At the hearing, the parties' accounts of the conversation between the Officer and the Lieutenant varied greatly. The Officer testified that, when asked about scheduling the overtime, the Lieutenant responded using profanity, spoke in a "very aggravated" tone, and stated that he could not schedule the overtime "[b]ecause of your fucking union." Id. The Lieutenant denied using the word "fucking" and claimed that he told the Officer he could not schedule the overtime until the next day because of the administrative workweek, and that when asked why, he simply instructed the Officer to "see his union." Id. The Lieutenant acknowledged that he was "aware of a dispute between the Respondent and the Union concerning the overtime pay differential[.]" Id. During a subsequent conversation between the Officer and the Union President about the Lieutenant's comment, the Union President informed the Officer that the Union had filed a grievance.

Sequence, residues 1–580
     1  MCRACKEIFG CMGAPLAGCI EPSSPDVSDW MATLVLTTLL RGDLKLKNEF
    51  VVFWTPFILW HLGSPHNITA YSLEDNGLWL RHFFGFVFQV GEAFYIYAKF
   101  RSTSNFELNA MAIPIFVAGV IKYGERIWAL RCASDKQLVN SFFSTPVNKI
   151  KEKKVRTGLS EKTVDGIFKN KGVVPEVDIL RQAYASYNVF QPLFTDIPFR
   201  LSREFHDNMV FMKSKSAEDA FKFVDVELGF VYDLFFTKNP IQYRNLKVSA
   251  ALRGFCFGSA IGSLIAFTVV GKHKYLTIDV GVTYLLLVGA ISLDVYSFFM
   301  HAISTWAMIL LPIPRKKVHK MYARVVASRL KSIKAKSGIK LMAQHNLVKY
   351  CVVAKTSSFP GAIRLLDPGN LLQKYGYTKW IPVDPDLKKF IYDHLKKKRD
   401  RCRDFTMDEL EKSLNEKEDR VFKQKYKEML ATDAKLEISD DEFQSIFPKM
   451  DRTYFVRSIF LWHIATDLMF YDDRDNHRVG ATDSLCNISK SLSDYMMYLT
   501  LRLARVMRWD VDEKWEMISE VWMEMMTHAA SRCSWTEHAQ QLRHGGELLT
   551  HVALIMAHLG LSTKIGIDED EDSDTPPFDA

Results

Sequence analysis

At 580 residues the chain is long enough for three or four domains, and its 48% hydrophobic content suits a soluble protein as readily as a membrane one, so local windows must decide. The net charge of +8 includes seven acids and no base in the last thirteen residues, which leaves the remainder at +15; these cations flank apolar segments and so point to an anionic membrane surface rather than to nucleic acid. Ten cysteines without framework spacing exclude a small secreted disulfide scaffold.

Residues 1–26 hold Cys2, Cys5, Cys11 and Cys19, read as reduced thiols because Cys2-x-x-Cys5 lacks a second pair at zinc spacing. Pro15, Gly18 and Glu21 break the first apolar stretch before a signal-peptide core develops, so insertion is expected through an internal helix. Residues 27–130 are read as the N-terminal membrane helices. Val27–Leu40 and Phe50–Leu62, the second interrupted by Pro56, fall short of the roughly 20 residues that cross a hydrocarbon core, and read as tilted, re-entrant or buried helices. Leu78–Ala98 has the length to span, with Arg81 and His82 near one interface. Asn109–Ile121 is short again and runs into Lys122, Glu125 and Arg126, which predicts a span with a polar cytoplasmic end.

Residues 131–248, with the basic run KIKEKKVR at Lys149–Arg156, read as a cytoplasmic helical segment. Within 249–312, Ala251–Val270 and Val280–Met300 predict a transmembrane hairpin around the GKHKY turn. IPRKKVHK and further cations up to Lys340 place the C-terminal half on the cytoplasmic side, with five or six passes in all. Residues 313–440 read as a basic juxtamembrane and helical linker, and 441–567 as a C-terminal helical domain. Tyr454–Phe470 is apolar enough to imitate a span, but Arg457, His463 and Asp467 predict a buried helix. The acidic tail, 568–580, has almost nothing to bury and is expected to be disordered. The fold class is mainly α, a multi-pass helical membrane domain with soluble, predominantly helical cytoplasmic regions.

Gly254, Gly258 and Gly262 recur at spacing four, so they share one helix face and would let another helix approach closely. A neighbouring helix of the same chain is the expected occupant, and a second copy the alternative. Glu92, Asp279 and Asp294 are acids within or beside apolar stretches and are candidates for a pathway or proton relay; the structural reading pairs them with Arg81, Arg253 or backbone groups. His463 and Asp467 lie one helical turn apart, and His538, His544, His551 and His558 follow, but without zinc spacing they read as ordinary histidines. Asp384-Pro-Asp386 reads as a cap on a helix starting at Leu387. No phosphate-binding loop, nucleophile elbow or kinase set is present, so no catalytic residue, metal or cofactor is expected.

The Judge found that "it is more likely than not that [the Lieutenant] raised his voice and used profanity in his conversation with" the Officer. Id. at 5. The Judge also found that the Lieutenant's "language and tone of voice were intemperate[.]" Id. at 6. However, the Judge concluded that the Lieutenant's comment "could not reasonably be construed as coercive" because the Officer's request for overtime had nothing to do with his status as a bargaining unit employee or his relationship with the Union. According to the Judge, the Lieutenant's comment could not reasonably have led the Officer to believe that he would be denied overtime because of his union membership since the Lieutenant did not stop assigning overtime. The Judge found that the "only reasonable interpretation" of the Lieutenant's comment was that the Officer "would not be approved for overtime when he submitted his oral request." Id. [ v62 p200 ] The Judge relied on the Officer's subsequent conversation with the Union President as a basis for finding that the Lieutenant's comment was not coercive, and ultimately concluded that, although the Officer "could have reasonably surmised that [the Lieutenant] was annoyed with the Union," there was no reason for him to be "discouraged from supporting the Union." Id.